Google recently extended its Google Lunar X-Prize deadline to March 31, 2018, apparently giving the five remaining teams a little longer to vie for the $20 million top prize. But there’s a mystery here that suggests two vying reasons for the change -- one sincere and the other cynical. The final answer may turn out to be a combination of both.
The Google Lunar X-Prize was announced in 2007, giving teams five years to put their landers on the Moon and drive around, sending back live HD video of the action. Though 30 teams eventually signed-up, none of them made it to the Moon by 2012. Or 2013, 2014, 2015, 2016, or so far in 2017.
Each time the deadline was extended until Google finally said last year that teams had to launch into orbit by December, 31, 2017 or the contest would end without anyone winning the $20 million first prize.
Then last week Google appeared to extend the contest once more, to March 31, 2018, by which date any remaining teams will have to have landed on the Moon. Google also threw in some new prize levels for completing parts of a mission but didn’t increase the total prize package.
If we take this change on its face then it is all about helping two of the five remaining teams -- teams that might still have a chance of winning something with the extension and additional prizes for just making it to the Moon. If we’re cynical (and we do live in a very cynical era) it’s about killing the GLXP once and for all.
The five remaining teams start with SpaceIL, from Israel, which most space experts would say is actually the most likely to eventually reach the Moon. With money in the bank and an assured launch, SpaceIL may reach the Moon, but not until 2019.
American team Moon Express, for all its good press, doesn’t seem to have a working rover nor a viable ride to space since Rocket Lab, Moon Express’s New Zealand-based launch provider, has yet to make it to Low Earth Orbit (LEO), much less into some higher energy orbit from which the Moon could be reached by next March.
The remaining wild cards are TeamIndus and Team Hakuto -- Indian and Japanese teams with competing rovers riding on the same Indus lander. If the GLXP schedule change is sincere it may be to give these two a chance. TeamIndus has a ride to space on a very real Indian government PSLV rocket, but the launch, which was supposed to be on December 28, 2017, is now set for March 6, 2018. With a 10-day time en route, they might just land in time. And the new $4.75 million prize for landing on the Moon but not roving or broadcasting could be intended for the Indus lander by itself in case the rovers aren’t ready in time (news on this is sketchy).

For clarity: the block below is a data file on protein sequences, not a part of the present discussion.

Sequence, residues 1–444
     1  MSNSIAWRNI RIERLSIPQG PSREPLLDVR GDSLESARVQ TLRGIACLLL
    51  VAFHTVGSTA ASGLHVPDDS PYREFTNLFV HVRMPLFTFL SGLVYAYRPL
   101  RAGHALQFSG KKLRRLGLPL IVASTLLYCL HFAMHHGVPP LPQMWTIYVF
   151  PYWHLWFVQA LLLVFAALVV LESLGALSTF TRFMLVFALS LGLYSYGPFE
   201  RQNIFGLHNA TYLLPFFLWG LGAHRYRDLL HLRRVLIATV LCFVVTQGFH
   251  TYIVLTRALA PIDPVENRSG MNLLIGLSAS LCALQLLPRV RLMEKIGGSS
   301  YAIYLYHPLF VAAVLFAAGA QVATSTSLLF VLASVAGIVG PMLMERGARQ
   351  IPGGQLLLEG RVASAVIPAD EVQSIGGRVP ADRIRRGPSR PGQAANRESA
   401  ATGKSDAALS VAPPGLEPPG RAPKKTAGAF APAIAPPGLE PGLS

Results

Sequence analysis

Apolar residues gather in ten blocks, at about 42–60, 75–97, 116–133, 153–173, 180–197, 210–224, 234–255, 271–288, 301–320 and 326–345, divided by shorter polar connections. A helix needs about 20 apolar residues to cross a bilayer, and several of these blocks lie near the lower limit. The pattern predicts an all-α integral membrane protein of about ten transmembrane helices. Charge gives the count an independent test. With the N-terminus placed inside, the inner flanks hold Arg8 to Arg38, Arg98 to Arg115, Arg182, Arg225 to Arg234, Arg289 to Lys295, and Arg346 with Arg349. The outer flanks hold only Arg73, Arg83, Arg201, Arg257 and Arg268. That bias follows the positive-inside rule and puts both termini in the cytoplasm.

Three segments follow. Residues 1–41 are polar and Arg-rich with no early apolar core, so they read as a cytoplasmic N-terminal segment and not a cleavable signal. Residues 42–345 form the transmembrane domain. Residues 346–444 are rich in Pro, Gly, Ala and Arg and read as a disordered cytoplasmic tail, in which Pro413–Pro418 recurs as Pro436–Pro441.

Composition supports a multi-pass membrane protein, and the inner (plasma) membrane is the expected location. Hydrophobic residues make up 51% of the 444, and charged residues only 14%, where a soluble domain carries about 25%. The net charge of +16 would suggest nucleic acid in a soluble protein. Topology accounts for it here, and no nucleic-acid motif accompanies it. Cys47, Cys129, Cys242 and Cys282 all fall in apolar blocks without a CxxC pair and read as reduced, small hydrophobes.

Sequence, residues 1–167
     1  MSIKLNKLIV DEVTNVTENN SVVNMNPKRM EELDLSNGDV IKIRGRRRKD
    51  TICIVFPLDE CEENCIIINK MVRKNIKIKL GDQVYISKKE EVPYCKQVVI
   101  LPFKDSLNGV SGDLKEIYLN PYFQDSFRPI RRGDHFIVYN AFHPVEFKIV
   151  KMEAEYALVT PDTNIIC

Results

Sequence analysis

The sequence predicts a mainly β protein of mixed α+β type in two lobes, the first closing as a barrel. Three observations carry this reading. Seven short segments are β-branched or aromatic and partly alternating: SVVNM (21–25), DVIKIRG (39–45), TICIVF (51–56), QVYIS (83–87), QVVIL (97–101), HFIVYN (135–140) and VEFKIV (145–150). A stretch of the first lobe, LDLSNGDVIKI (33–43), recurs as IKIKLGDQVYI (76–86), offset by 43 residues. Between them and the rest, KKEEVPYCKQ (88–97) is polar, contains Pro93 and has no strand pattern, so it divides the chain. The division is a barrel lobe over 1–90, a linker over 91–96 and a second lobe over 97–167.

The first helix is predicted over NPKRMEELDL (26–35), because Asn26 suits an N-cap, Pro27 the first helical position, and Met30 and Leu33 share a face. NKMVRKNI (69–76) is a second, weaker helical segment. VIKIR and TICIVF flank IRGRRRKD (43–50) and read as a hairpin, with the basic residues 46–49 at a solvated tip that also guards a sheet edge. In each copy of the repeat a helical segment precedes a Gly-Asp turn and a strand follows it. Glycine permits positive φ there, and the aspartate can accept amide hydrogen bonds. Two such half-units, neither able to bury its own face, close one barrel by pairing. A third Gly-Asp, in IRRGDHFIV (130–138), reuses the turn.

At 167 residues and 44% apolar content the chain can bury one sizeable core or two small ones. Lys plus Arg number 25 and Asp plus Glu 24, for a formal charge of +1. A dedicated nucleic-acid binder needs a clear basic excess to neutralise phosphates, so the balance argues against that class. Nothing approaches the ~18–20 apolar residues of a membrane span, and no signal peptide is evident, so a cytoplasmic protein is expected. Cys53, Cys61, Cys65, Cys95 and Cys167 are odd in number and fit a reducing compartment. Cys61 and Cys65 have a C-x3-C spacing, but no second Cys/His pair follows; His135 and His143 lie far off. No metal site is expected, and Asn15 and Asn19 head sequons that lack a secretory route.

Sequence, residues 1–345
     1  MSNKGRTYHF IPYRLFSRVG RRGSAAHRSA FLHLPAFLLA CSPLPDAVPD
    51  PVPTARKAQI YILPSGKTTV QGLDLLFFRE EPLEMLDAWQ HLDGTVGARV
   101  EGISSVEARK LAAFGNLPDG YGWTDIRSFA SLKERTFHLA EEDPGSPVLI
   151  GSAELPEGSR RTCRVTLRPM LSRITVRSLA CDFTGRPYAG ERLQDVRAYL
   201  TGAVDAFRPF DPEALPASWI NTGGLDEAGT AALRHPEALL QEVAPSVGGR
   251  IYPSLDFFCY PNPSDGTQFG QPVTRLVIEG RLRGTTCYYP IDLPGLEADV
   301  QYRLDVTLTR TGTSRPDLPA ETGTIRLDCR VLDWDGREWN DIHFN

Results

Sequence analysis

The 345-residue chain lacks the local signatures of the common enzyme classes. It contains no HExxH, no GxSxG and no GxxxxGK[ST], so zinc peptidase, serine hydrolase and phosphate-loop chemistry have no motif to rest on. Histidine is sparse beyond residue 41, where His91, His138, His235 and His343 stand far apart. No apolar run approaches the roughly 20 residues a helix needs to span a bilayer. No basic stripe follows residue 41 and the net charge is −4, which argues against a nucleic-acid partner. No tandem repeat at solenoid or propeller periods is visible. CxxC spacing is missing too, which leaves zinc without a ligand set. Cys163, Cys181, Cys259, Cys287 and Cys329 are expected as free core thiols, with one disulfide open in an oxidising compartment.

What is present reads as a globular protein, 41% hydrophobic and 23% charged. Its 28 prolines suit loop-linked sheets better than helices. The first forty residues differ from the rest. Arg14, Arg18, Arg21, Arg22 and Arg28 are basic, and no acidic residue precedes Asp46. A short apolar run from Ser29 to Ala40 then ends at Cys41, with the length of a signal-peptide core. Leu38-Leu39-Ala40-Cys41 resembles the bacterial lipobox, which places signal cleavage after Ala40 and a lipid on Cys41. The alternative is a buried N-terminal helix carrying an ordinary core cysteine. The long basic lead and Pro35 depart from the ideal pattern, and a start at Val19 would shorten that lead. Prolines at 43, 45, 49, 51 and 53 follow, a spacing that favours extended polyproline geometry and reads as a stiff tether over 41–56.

Now for the cynical alternative explanation. After a decade with no winner Google just wants to forget about this contest and move on. Three generations of Google management have come and gone since 2007 and the current team in Mountain View holds little love for the GLXP.
But finally ending this nightmare (for some) might not have been possible under the previous terms requiring a December 31 launch. Under that rule any of the teams could strap an ion thruster to a cubesat and send that payload on a slow trip to the Moon taking many years to complete. No closure in that. This new rule eliminates that possible loophole. All the other changes in this scenario, then, are just for show. The prize will die as planned on March 31, 2018. And the whole reason for this "extension" was to make sure that happens.
Which version do you think is closer to the truth?
Either way, here is how close the Google Lunar X-Prize is to being over. The only teams with a hope of still winning are Team Indus and Team Hakuto. ISRO, the Indian Space Research Agency that is scheduled to fire their joint lander on March 6, requires all space hardware be delivered for testing six months prior to launch. This is a very common requirement in the space industry. Six months before March 6, 2018 is October 6, 2017.
So if -- just IF -- these teams are actually going to land on the Moon and win $20 million, they have 43 days left to finish their work.